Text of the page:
Evaluation of the STARFlex Septal Closure System in Patients With a Stroke and/or Transient Ischemic Attack Due to Presumed Paradoxical Embolism Through a Patent Foramen Ovale - CLOSURE I
The goal of the trial was to evaluate percutaneous closure of a patent foramen ovale (PFO) compared with medical therapy among patients with a cryptogenic stroke or transient ischemic attack (TIA).
PFO closure will be more effective in reducing the risk of recurrent stroke/TIA.
- Patients between 18 and 60 years of age with cryptogenic stroke/TIA presumably due to PFO with or without atrial septal aneurysm diagnosed in the previous 6 months
Number of enrollees: 909
Duration of follow-up: 2 years
Mean patient age: 46 years
Percentage female: 48%
- Deep vein thrombosis or hypercoagulable state
- Any alternative cause of stroke
- Composite of recurrent stroke or TIA within 2 years, all-cause mortality within 30 days, or neurological mortality between 31 days and 2 years
Patients with cryptogenic stroke or TIA presumably due to a PFO were randomized to PFO closure with the STARFlex device (n = 447) versus medical therapy (n = 462).
- Patients who underwent PFO closure were treated with clopidogrel 75 mg daily for 6 months and aspirin 325 mg daily for 2 years.
- Patients who received medical therapy alone were treated with aspirin 325 mg daily, or warfarin with international normalized ratio (INR) target 2 to 3, or combination aspirin and warfarin according to physician discretion.
Overall, 909 patients were randomized. In the STARFlex group, the mean age was 46 years, 48% were women, 22% smoked, mean systolic blood pressure was 92 mm Hg, and 38% had an atrial septal aneurysm ≥10 mm. Procedural success was achieved in 89%, and 87% of participants had no or trace residual shunt by transesophageal echocardiography at 24 months.
The primary outcome, recurrent stroke or TIA within 2 years, all-cause mortality within 30 days, or neurological mortality between 31 days and 2 years occurred in 5.5% of the PFO closure group versus 6.8% of the medical therapy group (p = 0.37). Within 2 years, the number of strokes that occurred was 12 versus 13 (p = 0.79), and the number of TIAs was 13 versus 17 (p = 0.44), respectively, for PFO closure versus medical therapy. There was no difference in the primary outcome based on degree of residual shunt or presence of an atrial septal aneurysm. Within the medical arm, there was no difference in the primary outcome for aspirin alone versus warfarin alone.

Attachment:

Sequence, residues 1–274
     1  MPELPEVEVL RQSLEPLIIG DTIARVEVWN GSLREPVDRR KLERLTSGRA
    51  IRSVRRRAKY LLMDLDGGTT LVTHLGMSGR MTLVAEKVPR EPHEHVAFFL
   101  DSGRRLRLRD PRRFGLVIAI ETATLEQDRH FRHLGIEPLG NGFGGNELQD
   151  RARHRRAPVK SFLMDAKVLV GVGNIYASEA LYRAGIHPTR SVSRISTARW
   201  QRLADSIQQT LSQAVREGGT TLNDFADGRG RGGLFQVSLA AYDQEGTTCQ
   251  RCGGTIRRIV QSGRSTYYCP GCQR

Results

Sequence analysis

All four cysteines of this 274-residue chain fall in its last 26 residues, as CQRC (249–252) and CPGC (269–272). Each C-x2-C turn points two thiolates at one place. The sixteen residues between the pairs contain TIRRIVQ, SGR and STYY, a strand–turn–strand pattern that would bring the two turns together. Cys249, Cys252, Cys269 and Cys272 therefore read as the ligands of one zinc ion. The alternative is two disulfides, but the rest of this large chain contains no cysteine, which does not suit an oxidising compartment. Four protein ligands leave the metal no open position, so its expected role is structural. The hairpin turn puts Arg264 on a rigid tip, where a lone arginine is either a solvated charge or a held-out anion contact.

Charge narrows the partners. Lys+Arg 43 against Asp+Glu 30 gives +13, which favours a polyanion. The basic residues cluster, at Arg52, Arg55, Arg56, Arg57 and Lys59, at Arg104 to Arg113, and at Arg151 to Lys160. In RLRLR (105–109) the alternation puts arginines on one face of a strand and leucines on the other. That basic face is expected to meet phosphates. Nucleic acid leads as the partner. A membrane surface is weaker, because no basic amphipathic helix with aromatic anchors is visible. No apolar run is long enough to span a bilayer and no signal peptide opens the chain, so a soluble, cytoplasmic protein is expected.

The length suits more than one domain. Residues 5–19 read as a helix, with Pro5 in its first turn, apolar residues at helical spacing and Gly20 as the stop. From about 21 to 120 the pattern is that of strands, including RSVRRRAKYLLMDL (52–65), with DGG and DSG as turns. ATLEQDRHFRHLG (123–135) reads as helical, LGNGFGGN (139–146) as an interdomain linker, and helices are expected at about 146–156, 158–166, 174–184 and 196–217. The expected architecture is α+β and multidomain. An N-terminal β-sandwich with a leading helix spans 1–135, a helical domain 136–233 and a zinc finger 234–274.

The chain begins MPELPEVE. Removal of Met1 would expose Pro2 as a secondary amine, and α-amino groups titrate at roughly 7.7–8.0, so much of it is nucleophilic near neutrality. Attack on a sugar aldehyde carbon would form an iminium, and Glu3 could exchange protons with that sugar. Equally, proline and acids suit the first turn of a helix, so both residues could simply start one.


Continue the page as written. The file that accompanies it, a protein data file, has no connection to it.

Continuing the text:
Of the 12 strokes in the PFO closure group, three were procedure related, three were recurrent cryptogenic stroke, and six were due to an alternative etiology such as atrial fibrillation or a lacunar stroke. Of the 13 strokes in the medical group, one was due to recurrent cryptogenic stroke, whereas the rest were due to an alternative etiology such as atrial fibrillation, complex migraine, vasculitis, or lacunar stroke.
Major vascular complications (left atrial perforation, groin hematoma, vascular surgical repair, peripheral nerve injury, procedure-related transfusion, and retroperitoneal bleed) occurred in 3.2% versus 0 (p < 0.001), atrial fibrillation occurred in 5.7% versus 0.7% (p < 0.001), and major bleeding occurred in 2.6% versus 1.1% (p = 0.11), respectively, for PFO closure versus medical therapy.
Among patients with cryptogenic stroke/TIA, percutaneous PFO closure with the STARFlex device was not superior to medical therapy. Percutaneous PFO closure did not reduce the incidence of the primary outcome at 2 years, nor did it reduce the incidence of stroke or TIA. Moreover, PFO closure was also associated with major vascular complications and an excess in atrial fibrillation compared with medical therapy. Multiple alternative etiologies were discovered for recurrent stroke, which illustrates the difficulty in diagnosing cryptogenic stroke. At the present time, routine closure of PFO for cryptogenic stroke patients cannot be recommended.
Epidemiological data have supported an association between PFO and cryptogenic stroke, especially with atrial septal aneurysm; however, clinical trial data regarding PFO closure are sparse. CLOSURE I findings were not due to lack of power or lower than expected event rate: The primary outcome was expected to occur in 2% of the device arm (5.9% actual), whereas the primary outcome was expected to occur in 6% of the medical arm (7.7% actual). Long-term follow-up of these patients is warranted. Ongoing trials include CLOSE and PC-Trial.
Furlan AJ, Reisman M, Massaro J, et al., on behalf of the CLOSURE I Investigators. Closure or medical therapy for cryptogenic stroke with patent foramen ovale. N Engl J Med 2012;366:991-9.
Presented by Dr. Anthony Furlan at the American Heart Association Scientific Sessions, Chicago, IL, November 15, 2010.
Clinical Topics: Anticoagulation Management, Congenital Heart Disease and Pediatric Cardiology, Noninvasive Imaging, Congenital Heart Disease, CHD & Pediatrics and Imaging, CHD & Pediatrics and Prevention, CHD & Pediatrics and Quality Improvement, Echocardiography/Ultrasound
Keywords: Risk, Stroke, Lacunar, Ischemic Attack, Transient, Vasculitis, Warfarin, Blood Pressure, Foramen Ovale, Patent, Hematoma, Peripheral Nerve Injuries, Groin, Migraine with Aura, Heart Aneurysm, Smoke, Echocardiography, Transesophageal
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